Native Americ Sacagawea And King Philip's War

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Native American
Sacagawea
Sacagawea was a Lemhi-Shoshone woman who interpreted for and guided Lewis and Clark. At 13 Sacagawea was taken as a wife by trapper, Toussaint Charbonneau. When Lewis and Clark asked the trappers if any of them would be willing to guild them, Charbonneau told them about his Native American wife. Sacagawea was pregnant at the time, but managed to aid the men greatly and help them out of intense situations. Her son, Jean Baptiste Charbonneau was born during the expedition. After the expedition Sacagawea and her husband went to live in St. Louis Missouri, where they had a daughter named Lizette. Sacagawea died in 1812 due to an unknown illness.
The Iroquois Constitution
The Iroquois Constitution was the oral constitution
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The Sioux people originally had a good relationship with the colonists and the chief named his son Metacomet with the English name of Prince Philip. But as the colonists took over Metacomet’s tribe’s land, he united several tribes against the colonists. The Indians lost, Metacomet died alongside thousands of other Native Americans, and hundreds more were taken as slaves. This ended Native American power in the area, giving the colonists new, safe land to settle …show more content…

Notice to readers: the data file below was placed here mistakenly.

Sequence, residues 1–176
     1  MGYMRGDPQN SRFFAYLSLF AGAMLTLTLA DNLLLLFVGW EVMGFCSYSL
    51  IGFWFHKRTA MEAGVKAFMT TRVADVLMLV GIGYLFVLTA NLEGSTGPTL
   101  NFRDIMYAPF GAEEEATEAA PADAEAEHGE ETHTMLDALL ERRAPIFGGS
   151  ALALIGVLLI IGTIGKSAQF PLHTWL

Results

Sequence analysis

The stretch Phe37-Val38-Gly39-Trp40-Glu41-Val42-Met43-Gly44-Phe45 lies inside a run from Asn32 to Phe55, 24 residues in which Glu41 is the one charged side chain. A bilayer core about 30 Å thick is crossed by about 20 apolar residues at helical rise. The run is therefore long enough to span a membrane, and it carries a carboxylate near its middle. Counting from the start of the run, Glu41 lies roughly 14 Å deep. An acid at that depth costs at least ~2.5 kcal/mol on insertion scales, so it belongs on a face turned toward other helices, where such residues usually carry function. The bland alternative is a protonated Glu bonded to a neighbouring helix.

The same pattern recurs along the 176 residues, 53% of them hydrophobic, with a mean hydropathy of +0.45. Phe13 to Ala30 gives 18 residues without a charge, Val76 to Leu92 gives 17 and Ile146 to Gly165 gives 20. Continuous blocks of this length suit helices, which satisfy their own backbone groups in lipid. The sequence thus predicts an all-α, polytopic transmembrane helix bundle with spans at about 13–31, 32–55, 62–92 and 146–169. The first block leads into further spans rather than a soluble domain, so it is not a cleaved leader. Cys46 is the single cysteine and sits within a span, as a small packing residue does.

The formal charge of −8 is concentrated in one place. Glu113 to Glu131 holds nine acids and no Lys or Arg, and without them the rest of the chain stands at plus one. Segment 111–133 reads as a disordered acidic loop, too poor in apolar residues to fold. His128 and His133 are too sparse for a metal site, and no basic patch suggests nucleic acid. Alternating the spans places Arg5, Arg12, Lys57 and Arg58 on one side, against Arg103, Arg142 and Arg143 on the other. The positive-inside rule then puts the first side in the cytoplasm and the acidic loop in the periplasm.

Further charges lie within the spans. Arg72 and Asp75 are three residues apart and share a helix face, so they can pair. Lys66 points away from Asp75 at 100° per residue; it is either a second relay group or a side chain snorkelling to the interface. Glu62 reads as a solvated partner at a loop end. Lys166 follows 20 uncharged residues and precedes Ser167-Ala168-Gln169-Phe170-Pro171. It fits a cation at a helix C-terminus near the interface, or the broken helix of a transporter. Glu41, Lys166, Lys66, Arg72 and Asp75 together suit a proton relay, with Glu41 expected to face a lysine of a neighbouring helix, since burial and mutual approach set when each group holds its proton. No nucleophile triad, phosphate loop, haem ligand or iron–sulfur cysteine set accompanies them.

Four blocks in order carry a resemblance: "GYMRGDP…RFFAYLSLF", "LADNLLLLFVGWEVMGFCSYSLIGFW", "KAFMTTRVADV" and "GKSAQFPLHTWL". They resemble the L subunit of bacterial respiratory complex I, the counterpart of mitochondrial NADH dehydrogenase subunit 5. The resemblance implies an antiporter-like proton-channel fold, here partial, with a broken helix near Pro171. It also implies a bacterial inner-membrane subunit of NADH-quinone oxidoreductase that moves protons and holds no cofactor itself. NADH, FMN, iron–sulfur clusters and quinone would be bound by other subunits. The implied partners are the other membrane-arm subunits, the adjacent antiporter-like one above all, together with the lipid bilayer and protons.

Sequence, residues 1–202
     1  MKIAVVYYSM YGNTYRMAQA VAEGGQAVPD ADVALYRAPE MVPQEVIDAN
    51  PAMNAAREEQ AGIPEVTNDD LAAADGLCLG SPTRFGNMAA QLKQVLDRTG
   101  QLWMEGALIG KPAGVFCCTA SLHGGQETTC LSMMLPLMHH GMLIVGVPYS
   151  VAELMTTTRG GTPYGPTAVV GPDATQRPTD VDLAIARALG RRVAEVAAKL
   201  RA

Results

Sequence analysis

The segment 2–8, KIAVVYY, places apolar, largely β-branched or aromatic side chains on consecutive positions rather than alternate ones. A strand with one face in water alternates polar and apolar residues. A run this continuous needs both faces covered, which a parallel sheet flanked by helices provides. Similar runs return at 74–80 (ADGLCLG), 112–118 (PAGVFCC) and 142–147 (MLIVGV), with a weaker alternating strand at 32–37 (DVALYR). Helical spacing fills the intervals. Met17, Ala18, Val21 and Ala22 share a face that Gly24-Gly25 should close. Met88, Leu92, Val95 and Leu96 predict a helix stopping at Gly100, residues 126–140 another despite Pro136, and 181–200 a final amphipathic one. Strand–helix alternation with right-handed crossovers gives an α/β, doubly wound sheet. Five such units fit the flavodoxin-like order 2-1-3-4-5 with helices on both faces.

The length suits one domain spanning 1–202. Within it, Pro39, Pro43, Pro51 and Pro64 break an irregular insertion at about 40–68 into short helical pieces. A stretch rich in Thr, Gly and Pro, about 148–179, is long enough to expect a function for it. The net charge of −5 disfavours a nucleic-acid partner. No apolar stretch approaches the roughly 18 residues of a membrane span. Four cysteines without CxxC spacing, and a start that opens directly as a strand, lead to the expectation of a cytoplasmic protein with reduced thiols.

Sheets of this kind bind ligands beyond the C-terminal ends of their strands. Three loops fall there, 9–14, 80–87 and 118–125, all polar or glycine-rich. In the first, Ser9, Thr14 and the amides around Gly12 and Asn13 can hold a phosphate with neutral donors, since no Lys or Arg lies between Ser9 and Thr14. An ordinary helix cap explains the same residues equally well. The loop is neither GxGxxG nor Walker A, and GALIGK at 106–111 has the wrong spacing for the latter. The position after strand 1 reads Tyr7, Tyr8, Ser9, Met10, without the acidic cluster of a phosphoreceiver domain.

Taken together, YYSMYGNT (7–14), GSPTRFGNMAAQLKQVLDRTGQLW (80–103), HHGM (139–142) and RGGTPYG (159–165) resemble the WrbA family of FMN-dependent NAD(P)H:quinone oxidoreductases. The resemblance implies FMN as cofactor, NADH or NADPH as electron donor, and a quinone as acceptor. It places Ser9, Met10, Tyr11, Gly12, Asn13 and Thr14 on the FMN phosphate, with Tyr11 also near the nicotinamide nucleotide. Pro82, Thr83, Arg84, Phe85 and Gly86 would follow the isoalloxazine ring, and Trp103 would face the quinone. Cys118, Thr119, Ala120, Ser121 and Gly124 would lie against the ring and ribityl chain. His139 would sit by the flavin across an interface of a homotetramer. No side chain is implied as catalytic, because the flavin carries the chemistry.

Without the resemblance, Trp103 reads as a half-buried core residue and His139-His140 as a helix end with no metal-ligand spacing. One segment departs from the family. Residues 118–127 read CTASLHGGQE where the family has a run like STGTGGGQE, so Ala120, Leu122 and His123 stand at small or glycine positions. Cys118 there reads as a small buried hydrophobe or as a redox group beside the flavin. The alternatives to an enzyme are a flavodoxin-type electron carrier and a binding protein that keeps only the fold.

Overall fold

He wrote the Declaration of Independence. He was the third of six children in a planter family. At 9 years old he began studying Latin, Greek, and French. He became a lawyer, married Martha Wayles Skelton, and had 6 children. He quickly became a leader among like-minded men and after authoring the Declaration of Independence, George Washington selected him to be the Secretary of State. He thought the federal government should be small, a very different opinion from The Secretary of Treasury, Alexander Hamilton. In order to face his adversary head-on he founded the Democratic-Republican party with James Madison. After getting the second most votes, he became vice-president to John Adams. The next time he ran, he won. During his presidency, he made the Louisiana Purchase, which doubled the size of the United States, and then sent Lewis and Clark to explore it. He upheld American isolationist policy as both England and France pushed America to join in on their wars. He also passed the Embargo Act of

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